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About Those new Japan Airlines Business Class Seats.

Jake Redman March 25, 2016 5


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Get Ready to lie Flat

Japan Airlines is upgrading the seats on their fleet of 11 777-200ER aircraft. The refreshed interiors will start making appearances in July of 2016 on flights between Tokyo (HND) and Bangkok (BKK). Tokyo (HND)- Singapore, and flights between Japan and Honolulu will see the new cabins in the Fall and Winter of 2016. But how are these new Japan Airlines Business Class seats different than what you’ll find on similar JAL planes and what will you find in the cabins behind business? Let’s start at the front…

A Business Class Comparison

The most exciting news is that unlike business class aboard this planes closest in-fleet relative, the 777-300ER, the newer suites feel more spacious in their 1-2-1 configuration and give you true aisle access from every seat.

Japan Airlines Business Class Sky Suite 777-200ER
Japan Airlines Business Class seats on a 767-200ER are configured 1-2-1 giving everyone direct aisle access. [Photo: Japan Airlines]
As you can see above the window side seats are all alone, unlike the 777-300ER (below) where you’ll have a little extra privacy and some extra seat width but less surface space and indirect aisle access if you’re closest to the window.

Japan Airlines Business Class 767-300ER
Business Class seats aboard a JAL 777-300ER are lie-flat and slightly staggered to provide an easy route to the aisle.

The newer 777-200ER seats aren’t wider all the way down, offering 20 inches across when seated but theres a bit more space at the armrest when sleeping. When the armrest is collapsed, you’ll get nearly 9 extra inches there. On the opposite side it appears you don’t have a cutout for storage at the base of the side console as is the case with the very similar seats we recently reviewed on Cathay Pacific Airlines. This could mean a knee-knock or two while side-sleeping away from the aisle.

Here are the specs of the new Japan Airlines Business Class Seat aboard the 777-200ER:

Cabin Configuration: 1-2-1 Reverse Herringbone
Maximum Bed Length: 78″
Maximum Bed Width: 29″ (armrest collapsed)
Seat Width (between armrests): 20-20.5″
TV Screen Size: 17″
Power: 1 each AC and USB
Photo: Japan Airlines
JAL 777-200ER Business Class [Photo: JAL]

 

Upgrades for Everyone!

Even the cabins behind Business Class on the 777-200ER get an update. Even better, they get significant upgrades. Both Japan Airlines Premium Economy and Economy get new seats and entertainment.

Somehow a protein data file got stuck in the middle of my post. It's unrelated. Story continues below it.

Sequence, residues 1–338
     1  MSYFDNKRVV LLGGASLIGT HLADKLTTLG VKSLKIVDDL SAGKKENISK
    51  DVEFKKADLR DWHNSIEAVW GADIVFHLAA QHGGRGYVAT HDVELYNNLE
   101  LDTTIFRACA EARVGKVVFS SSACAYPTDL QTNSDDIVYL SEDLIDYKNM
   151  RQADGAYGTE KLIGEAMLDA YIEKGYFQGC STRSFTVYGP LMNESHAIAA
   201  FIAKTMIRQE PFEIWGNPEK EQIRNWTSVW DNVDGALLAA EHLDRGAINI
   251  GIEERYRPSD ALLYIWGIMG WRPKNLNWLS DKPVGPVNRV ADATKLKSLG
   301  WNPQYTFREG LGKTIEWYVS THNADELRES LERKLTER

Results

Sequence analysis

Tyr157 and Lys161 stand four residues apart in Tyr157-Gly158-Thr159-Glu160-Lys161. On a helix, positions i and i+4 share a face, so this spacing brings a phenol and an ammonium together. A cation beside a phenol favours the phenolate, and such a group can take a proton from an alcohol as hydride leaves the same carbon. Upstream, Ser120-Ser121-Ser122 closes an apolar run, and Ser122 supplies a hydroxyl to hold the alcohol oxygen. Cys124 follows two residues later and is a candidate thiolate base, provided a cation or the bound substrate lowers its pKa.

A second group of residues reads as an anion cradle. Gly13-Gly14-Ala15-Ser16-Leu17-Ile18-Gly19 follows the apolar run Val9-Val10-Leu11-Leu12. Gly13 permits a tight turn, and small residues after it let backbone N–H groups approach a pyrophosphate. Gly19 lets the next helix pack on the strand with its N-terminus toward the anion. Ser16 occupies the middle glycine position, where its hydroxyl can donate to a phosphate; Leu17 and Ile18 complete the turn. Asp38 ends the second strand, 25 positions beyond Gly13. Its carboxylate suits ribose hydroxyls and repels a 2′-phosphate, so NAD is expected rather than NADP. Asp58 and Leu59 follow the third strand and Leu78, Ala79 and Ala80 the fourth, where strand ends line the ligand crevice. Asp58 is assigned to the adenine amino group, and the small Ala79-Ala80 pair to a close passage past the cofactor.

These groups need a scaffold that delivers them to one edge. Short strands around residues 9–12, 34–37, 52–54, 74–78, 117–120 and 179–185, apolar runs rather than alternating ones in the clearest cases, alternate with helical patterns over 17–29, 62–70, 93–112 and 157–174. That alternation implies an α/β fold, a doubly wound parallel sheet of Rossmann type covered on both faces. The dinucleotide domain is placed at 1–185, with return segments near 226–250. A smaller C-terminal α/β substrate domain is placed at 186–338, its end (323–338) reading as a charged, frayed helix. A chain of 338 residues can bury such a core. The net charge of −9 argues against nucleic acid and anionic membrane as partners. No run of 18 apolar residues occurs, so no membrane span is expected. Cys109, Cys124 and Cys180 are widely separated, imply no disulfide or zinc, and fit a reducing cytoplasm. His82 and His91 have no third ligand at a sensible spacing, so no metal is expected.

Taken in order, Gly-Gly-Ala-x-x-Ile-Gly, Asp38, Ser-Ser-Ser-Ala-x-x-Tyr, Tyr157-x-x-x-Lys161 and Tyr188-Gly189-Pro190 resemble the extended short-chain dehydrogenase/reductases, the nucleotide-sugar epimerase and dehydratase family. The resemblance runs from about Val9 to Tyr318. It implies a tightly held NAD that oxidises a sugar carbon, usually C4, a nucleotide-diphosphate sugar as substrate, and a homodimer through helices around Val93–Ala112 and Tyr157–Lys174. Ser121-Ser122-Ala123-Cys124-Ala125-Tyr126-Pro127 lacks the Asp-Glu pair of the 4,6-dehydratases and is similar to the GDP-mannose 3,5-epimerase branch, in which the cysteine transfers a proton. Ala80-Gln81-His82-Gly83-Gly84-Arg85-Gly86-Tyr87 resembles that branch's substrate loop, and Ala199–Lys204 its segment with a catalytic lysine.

In Premium Economy, You’ll experience the “JAL Sky Premium” seat that comes with 19″ of seat width and 42″ of seat pitch (knee room). The cabin is configured 2-4-2, fairly typical for premium economy on a 777.

Japan Airlines Premium Economy and Economy
New Japan Airlines Premium Economy and “Sky Wider” Economy seats make their way onto the JAL 777-200ER. [Photos: Japan Airlines]
Economy gets new wider seats (yes!). Japan Airlines Economy “Sky Wider” seats measure 18.5″ across and are spaced to give you 33-34″ of pitch. The economy cabin configuration is 3-4-2, down from 3-4-3 before the planes are refreshed.

The improvements front to back make this a very attractive option on the medium-haul international routes these planes fly. We’re particularly happy to see wider seats in economy but of course won’t mind the direct aisle access and comfort of the new Japan Airlines Business Class seats when we upgrade.

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Jake Redman
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Jake Redman

Modhop Host & Founder Jake Redman brings years of global exploration and travel tips to the podcast and our videos at Modhop. Jake is also a Producer and Host for SiriusXM.

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This post currently has 5 comments.
    • modhop on March 25, 2016

      Angled seats are so 2006. Hopefully they’ll get lie flat seats in the rest of their long-haul fleet eventually.

  1. raflw on March 25, 2016

    3-4-2 with 18.5″ width and 33-34″ pitch? That makes JAL economy highly competitive/better than US legacy Y+!

      • raflw on March 27, 2016

        I also applaud them for going 3-4-2. More choices for family/group configurations, and potentially more comfortable at sub-80% load factor than a 3-3-3 cabin.

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